How Do I Keep Bees?
This is entirely down to your own philosophies in life. We believe bees deserve to be treated with love and respect, their health is of paramount importance, and so should be nurtured rather than manipulated. Here is a video showing you the basics of beekeeping followed by a video explaining how you can learn to understand your bees without even opening the hive.
What is Natural Beekeeping?
There isn’t really a hard set definition – but it’s basically putting the bees’ needs first, over the demands of humans. Honey for example, was once considered sacred; a gift from the bees. It was not until the 19th century, that it began to be sold at all. It was about this time, that nature began to be exploited, and modern industrial farming emerged. Conventional beekeeping promotes that bee health can be achieved through suppression of natural reproduction, regular hive inspections, artificial breeding, and chemical use inside the hive, to control for varroa mites. I’ll also add, that varroa were accidentally introduced because bee geneticists tried to make European bees more productive in honey! Conventional beekeeping today reflects the notion that nature needs to be controlled – that we know best. Adversely, natural beekeepers allow bees to exist and function, as nature intended, rather than forcing them to exist as people think they should.
I’ll run through a few key ways in which conventional beekeeping today tends to function.
Removal of honey and replacement with sugar. To make one pound of honey, bees have flown the equivalent of twice around the world, collecting nectar from around 5 million flowers. They don’t do this just for the fun of it. Honey is the food store to get the bees through the winter, and it has nearly 200 different vital nutrients, compared to sugar which has none. Under the microscope, the stomach of a honeybee fed only sugar, is shrivelled and dark, and their immune system is hugely compromised.
Suppression of swarming. Honeybees swarm to reproduce, and this allows genetic diversity. Bees have evolved to achieve high genetic diversity for the last 150 million years, allowing them to be adaptable and survive changes in landscape, climate and the emergence of pests. Conventional beekeepers prevent this natural process, often killing and replacing queens to keep them young and fertile, for higher honey yields. It is not uncommon to import queens from outside of the UK, bringing with them risk of new diseases and pests.
The use of neurotoxins and acids to control varroa mites. Varroa is a huge problem – small mites suck the blood of bees, weaken them, and open the bees up to illness, which can lead to the death of a colony. Conventional beekeepers will apply chemical treatments within the hive to control mite numbers. Natural beekeepers have shown however, that hives which are opened less frequently or not at all, are left with ample supplies of honey rather than sugar, and do not have their reproduction suppressed, have equal if not better rates of survival. Natural beekeepers leave the bees with their honey and only take what is a genuine surplus, allow them to swarm, and do not put chemicals inside the hive. Instead, hives are fiddled with less, kept well insulated, and the bees are allowed to adapt to the mites naturally. This is a fierce debate however – bar industrial beekeepers, who do so for profit, most beekeepers believe that using chemicals is what is best for their bees – it’s seen as a very responsible thing to do. However, it seems that generations of beekeepers, nurtured by the chemical companies’ influence and modern farming notions, have given rise to beekeepers with skewed, and inherently compromising, ideas on how to ‘look after’ bees.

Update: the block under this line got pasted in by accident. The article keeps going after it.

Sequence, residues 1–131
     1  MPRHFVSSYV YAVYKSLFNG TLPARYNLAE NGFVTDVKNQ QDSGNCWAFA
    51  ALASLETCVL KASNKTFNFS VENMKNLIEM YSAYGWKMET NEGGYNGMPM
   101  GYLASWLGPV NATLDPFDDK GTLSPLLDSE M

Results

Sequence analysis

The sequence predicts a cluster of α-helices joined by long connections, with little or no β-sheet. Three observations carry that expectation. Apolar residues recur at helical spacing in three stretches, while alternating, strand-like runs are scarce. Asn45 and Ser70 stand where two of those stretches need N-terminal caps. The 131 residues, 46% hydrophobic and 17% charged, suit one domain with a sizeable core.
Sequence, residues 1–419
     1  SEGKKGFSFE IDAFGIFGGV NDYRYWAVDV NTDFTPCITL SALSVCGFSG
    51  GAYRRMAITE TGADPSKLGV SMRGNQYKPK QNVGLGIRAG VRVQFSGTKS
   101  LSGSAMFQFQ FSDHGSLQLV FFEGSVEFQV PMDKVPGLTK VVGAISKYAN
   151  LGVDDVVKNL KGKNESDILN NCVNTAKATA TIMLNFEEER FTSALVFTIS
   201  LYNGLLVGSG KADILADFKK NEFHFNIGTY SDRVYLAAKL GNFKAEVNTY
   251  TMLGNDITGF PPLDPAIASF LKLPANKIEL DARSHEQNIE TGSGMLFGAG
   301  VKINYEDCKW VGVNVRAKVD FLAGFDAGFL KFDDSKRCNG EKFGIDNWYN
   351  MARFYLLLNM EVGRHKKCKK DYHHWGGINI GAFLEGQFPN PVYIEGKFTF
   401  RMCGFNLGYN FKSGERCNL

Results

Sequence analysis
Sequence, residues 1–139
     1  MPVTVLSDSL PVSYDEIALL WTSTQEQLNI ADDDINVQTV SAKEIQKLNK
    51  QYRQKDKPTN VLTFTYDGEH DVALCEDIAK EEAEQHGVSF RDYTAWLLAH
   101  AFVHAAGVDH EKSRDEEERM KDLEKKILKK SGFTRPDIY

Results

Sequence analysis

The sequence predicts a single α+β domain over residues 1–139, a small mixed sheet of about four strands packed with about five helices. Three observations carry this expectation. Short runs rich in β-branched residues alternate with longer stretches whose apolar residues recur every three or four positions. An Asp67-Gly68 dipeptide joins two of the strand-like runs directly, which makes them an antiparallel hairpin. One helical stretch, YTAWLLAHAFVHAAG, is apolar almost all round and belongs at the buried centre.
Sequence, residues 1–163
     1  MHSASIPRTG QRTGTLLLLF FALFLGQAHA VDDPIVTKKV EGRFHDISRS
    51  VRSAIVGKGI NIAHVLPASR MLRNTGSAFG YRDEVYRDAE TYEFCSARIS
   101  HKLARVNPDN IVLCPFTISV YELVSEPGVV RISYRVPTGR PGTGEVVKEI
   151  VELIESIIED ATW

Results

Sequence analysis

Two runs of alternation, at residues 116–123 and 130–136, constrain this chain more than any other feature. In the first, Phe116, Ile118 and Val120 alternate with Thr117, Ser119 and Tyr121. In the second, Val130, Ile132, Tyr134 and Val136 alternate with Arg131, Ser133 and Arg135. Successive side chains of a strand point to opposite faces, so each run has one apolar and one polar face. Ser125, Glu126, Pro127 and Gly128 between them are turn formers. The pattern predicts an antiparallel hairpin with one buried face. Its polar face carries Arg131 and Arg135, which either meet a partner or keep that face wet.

Further reading and resources:
Want to find others who keep bees naturally? Click here for groups around the UK.
What can I Plant for Bees?
Bees are losing habitat all around the world due to intensive monoculture-based farming practices, pristine green (but flowerless) suburban lawns and from the destruction of natural landscapes. In the UK, we have lost 97% of our wildflower meadows in the last 40 years due to fertiliser over-useage. Just by planting flowers in your garden, or in a planter will help provide bees with forage. Avoid chemically treating your plants as chemicals can leach into pollen and negatively affect the bees. Plant plenty of the same type of bloom together, as bees like volume of forage. It’s also really important to plant flowers which flower in the early spring, autumn and winter, as bees could be on the verge of starvation and need a vital lifeline of nectar.
Here are a few examples of good plant varieties:
Spring – crocus, daphodils, helbores, borage, blue bells, pussy willow, crap apple, hawthorn.
Summer – Lavander, thyme, rosemary, chives, wildflowers.
Winter – Snowdrops, Mahonia, helibores, ivy, winter jasmine, winter flowering honeysuckle, sweet box, winter clematis, cyclamen, primroses.
How can I Help Bees?
- Weeds can be a good thing!
Contrary to what we’re made to think, a lawn full of clover and dandelions is actually good! It’s a haven for honeybees and all other native pollinators too such as solitary bees and bumbles. Wildflowers, many of which we might classify as weeds, are some of the most important food sources for bees. If some of these are “weeds” you chose to get rid of (say you want to pull out that bramble bush that’s taking over), let it bloom first for the bees, or just trim it back.